On November 12, 1992 the Payee brought the present action in the federal district court against the Drawee. Four causes of action were asserted: that the Drawee had been negligent in failing to discover the forged endorsements; that the Drawee had paid the checks by mistake; that the Drawee had converted the checks to its own use; and that the Drawee had wrongfully detained the proceeds of the checks which were therefore subject to a constructive trust. The Drawee moved for summary judgment, relying on ratification by the Payee and also relying on the statute of limitations and the Payee's negligence in discovering the fraud. The Payee presented evidence in the form of an expert opinion that it had not been guilty of negligence in supervising Montooth and the opinion of an expert that the Drawee had been guilty of negligence in not checking the endorsements. It was stipulated that each day the Drawee processed approximately $1,300,000 drawn upon it and that the Drawee did not examine endorsements on checks where its only role was that of being the drawee bank.
At a hearing on the summary judgment motion the district court stated in open court: the applicable statute of limitations was three years, so that unless the statute was tolled for the claims prior to February 1988, the statute operated as a bar. If the Payee could not have reasonably discovered the fraud before February 1990, the statute was tolled. The district court declared that no rational jury could find that the Payee had observed reasonable care: it had failed to keep any supervision over the accounts in any part of the nine-year period and failed to have any audit of the accounts in this period. The district court was also of the view that the claims for the period after 1990 had been fully satisfied by the Payee's settlement with the Depositary. Accordingly, the district court granted summary judgment. The actual order did not specify the grounds for the judgment.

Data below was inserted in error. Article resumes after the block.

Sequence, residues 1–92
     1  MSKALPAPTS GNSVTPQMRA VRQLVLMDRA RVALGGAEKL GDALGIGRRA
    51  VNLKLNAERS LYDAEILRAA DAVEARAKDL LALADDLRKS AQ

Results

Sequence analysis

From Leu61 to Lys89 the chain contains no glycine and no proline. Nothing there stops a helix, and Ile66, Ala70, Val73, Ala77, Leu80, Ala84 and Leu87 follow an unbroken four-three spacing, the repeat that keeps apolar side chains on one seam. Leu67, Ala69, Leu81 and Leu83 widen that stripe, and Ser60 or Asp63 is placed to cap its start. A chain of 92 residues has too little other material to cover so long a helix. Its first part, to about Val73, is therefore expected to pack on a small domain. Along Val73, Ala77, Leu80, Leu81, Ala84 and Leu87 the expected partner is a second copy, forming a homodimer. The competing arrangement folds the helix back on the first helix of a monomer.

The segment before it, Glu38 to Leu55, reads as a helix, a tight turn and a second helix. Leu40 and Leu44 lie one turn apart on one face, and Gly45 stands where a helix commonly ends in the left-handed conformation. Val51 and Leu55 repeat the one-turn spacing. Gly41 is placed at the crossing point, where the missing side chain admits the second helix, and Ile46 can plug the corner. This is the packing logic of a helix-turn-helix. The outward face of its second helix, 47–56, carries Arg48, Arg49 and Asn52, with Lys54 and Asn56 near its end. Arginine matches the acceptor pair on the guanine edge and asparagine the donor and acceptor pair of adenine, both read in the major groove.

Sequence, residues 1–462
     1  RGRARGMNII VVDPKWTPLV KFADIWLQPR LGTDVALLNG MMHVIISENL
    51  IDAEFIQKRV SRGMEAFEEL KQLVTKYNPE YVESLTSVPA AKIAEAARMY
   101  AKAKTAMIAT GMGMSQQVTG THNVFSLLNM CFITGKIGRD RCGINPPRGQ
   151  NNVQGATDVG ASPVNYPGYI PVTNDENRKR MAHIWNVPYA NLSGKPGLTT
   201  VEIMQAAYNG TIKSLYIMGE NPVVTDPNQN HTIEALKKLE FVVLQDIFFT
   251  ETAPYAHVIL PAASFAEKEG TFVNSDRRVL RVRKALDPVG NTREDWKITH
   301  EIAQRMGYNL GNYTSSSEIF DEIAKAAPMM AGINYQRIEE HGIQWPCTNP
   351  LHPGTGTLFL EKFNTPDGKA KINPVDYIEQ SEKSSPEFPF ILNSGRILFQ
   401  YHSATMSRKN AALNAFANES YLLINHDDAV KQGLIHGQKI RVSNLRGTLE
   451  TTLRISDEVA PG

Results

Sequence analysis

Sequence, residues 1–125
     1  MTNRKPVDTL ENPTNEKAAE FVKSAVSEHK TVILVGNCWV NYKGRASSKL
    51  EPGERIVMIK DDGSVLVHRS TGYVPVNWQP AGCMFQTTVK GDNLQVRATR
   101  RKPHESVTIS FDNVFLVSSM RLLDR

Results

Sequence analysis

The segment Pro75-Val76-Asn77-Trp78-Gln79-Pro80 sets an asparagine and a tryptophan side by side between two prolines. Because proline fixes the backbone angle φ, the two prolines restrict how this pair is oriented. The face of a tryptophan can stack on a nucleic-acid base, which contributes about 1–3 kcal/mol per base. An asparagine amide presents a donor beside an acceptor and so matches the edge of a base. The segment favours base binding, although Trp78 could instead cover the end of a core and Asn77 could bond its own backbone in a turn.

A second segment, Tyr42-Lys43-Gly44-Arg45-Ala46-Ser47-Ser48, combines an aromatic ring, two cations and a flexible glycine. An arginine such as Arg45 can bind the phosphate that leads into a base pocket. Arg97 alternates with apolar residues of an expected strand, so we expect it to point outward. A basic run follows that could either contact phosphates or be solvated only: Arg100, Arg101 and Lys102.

The Payee appeals.
We are free to affirm on any ground apparent in the record. See Rhoden v. United States, 55 F.3d 428, 431 n. 3 (9th Cir.1995). It is established California law that suit by the payee of a check against the depositary or collecting bank ratifies the payment made by the drawee or payor bank to the depositary bank. Cooper v. Union Bank, 9 Cal.3d 371, 384, 107 Cal.Rptr. 1, 507 P.2d 609 (1973). This decision of the California Supreme Court is binding upon us in this diversity action; but we need to consider the distinctions and objections raised by the Payee.
The Payee objects that its causes of action for negligence and payment by mistake are not barred by Cooper-only its cause of action for conversion. It is true that Cooper dealt only with the effect of ratification on conversion, but we can perceive no difference created by the other theories. If, as Cooper holds, the action for conversion ratified payment by the Drawee, the Drawee did not pay by mistake and the Drawee was not negligent in its payment.
The Payee further contends that the ratification should not extend beyond the settlement and that at the most the Drawee should be entitled to a setoff of the $140,000 recovered from the Depositary. The Payee notes that the state suit treated both the Depositary and the Drawee as defendants; that at that point the Payee had not chosen between them; and that under California practice, it is normally appropriate to pursue alternative theories of liability. But Cooper speaks differently. When the depositary and the drawee were sued in that single suit, ratification was held to have taken place by the filing of the suit. Cooper, 9 Cal.3d at 384, 107 Cal.Rptr. 1, 507 P.2d 609. So here, the Payee made its choice when it sued the Depositary and thereby ratified the Drawee's payments.
Accordingly, the judgment of the district court is AFFIRMED.
NOONAN, Circuit Judge:
Docket No: No. 94-56678.
Decided: July 11, 1996
Court: United States Court of Appeals,Ninth Circuit.